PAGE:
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The [Bobby Rush] Papers

Updated on 12/16 as indicated.

"In 2000, in the midst of a bruising but ultimately successful Democratic primary campaign against then-state Sen. Barack Obama, U.S. Rep. Bobby Rush (D-Ill.) launched a nonprofit with a stated mission of reviving the violence-plagued Englewood neighborhood," the Better Government Association reports.

"Called the Rebirth of Englewood Community Development Corp., the group soon found a generous benefactor in the telecommunications industry: SBC - now called AT&T - donated $1 million toward the creation of a "technology center" that would provide advanced computer training to residents and serve as a small-business incubator in a community with few other entrepreneurial opportunities.

"Congress also voted to spend $175,000 in taxpayer money to buy and renovate a building near 68th and Halsted to house the facility - which was to be named the Bobby L. Rush Center for Community Technology, according to federal documents and other records.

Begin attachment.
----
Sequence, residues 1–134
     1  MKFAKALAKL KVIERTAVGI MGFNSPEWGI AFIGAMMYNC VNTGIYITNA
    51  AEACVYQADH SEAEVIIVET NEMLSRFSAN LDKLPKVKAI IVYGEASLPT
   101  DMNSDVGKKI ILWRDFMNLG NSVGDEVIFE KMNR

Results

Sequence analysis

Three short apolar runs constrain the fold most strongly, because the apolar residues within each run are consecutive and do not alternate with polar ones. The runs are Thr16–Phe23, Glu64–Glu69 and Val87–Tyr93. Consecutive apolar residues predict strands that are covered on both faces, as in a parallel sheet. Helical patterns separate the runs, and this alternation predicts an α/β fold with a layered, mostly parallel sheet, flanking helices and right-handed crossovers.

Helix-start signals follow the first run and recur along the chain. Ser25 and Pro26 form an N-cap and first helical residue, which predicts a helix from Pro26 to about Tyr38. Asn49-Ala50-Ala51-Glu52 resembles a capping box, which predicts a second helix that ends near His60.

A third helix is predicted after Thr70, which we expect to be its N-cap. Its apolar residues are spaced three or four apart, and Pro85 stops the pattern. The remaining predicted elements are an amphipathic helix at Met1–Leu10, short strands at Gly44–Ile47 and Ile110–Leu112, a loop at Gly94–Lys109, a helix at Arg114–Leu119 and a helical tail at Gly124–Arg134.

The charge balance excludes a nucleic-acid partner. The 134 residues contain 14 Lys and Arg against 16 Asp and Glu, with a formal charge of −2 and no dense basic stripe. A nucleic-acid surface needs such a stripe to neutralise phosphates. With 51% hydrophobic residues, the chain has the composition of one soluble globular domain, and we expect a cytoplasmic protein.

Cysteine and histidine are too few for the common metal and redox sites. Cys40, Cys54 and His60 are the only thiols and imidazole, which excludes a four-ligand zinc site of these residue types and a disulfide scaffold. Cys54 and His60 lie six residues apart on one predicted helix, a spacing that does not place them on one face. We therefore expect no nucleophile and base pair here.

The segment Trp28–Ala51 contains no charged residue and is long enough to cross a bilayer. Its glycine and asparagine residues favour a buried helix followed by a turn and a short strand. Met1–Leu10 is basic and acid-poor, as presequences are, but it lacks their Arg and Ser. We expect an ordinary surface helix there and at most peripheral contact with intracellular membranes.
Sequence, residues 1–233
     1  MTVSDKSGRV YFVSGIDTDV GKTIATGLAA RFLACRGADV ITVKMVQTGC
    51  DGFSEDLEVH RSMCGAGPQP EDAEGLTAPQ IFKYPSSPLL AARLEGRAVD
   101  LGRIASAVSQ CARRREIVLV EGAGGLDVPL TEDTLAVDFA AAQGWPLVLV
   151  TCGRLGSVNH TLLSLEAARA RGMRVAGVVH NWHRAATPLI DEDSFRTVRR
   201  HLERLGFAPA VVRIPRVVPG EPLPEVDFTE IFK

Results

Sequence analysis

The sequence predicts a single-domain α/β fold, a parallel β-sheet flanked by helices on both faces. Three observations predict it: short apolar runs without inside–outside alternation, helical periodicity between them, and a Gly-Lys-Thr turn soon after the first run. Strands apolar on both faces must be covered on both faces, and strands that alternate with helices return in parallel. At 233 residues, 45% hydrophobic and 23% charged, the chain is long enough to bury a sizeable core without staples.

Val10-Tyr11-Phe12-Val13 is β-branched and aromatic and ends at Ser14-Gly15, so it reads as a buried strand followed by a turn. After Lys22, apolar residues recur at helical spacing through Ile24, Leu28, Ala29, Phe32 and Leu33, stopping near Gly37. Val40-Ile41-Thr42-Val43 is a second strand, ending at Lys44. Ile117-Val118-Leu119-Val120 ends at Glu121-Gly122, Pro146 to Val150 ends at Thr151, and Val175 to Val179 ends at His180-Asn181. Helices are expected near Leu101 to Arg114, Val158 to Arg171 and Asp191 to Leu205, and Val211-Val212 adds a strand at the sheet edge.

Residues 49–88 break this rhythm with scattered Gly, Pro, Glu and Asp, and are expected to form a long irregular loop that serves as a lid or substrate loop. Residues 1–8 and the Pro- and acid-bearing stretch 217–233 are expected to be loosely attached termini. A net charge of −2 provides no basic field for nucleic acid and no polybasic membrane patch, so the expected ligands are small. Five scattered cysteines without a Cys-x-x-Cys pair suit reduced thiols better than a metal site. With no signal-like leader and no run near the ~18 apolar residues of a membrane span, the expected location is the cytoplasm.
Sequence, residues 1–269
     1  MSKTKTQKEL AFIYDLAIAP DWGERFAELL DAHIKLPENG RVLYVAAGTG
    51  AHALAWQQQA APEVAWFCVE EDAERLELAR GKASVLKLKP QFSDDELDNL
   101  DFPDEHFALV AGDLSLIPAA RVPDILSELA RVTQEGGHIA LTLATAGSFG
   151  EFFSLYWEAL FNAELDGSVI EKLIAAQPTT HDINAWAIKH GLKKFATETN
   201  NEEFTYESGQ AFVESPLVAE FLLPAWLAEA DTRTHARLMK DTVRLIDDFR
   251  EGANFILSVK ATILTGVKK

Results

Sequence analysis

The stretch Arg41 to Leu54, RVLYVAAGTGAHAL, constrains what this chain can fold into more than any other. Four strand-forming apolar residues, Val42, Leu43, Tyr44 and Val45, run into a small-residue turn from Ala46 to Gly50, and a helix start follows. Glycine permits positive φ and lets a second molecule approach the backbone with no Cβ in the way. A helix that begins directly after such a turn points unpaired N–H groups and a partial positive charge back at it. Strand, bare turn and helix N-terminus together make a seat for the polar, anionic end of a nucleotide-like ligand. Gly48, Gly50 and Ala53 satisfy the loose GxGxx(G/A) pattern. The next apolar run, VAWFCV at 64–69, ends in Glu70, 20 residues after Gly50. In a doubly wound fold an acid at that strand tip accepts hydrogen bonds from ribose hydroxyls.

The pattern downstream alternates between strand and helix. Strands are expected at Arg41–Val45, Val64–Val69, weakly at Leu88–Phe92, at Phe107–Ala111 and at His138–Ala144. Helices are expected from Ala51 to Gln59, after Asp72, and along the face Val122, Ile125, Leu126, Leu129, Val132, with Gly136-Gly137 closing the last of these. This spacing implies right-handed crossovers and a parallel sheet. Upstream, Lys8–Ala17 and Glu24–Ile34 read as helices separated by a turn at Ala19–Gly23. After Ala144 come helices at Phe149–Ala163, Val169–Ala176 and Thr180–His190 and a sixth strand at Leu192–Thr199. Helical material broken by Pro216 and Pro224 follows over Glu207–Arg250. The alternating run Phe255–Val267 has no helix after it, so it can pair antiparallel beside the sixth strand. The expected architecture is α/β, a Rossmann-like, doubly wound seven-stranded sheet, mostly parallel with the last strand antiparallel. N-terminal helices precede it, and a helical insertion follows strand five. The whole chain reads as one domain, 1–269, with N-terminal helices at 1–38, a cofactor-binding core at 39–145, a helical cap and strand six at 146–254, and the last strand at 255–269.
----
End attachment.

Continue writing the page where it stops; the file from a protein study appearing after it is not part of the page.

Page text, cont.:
"But more than a decade later, the money is all gone, and Rush's tech center never moved beyond the design stage. Englewood remains as desperate and desolate as ever, and Rush continues to represent the 1st Congressional District, serving an 11th term.

"As disturbing as the broken promises from Rush, he is unable or unwilling to show where that money ended up, the Better Government Association found. Rush said he did not run the day-to-day operation and kept no records."

Go read the whole thing - highly recommended.

*

UPDATE 12/16:

"For the past dozen years, U.S. Rep. Bobby Rush, D-Ill., hasn't reported paying any rent for his campaign office, records show, in what experts say could be a violation of federal election law or House ethics rules," the Better Government Association reports.

"It's one of a series of questionable practices an investigation by the Better Government Association and Chicago Sun-Times found involving Citizens for Rush, the South Side congressman's campaign committee. Rush's campaign also has:

  • Subsidized the South Side church founded by Rush, who is the congregation's pastor, giving Beloved Community Christian Church more than $196,000 since June 2004. Those payments apparently helped the congressman's church close on a building it purchased and stave off a creditor.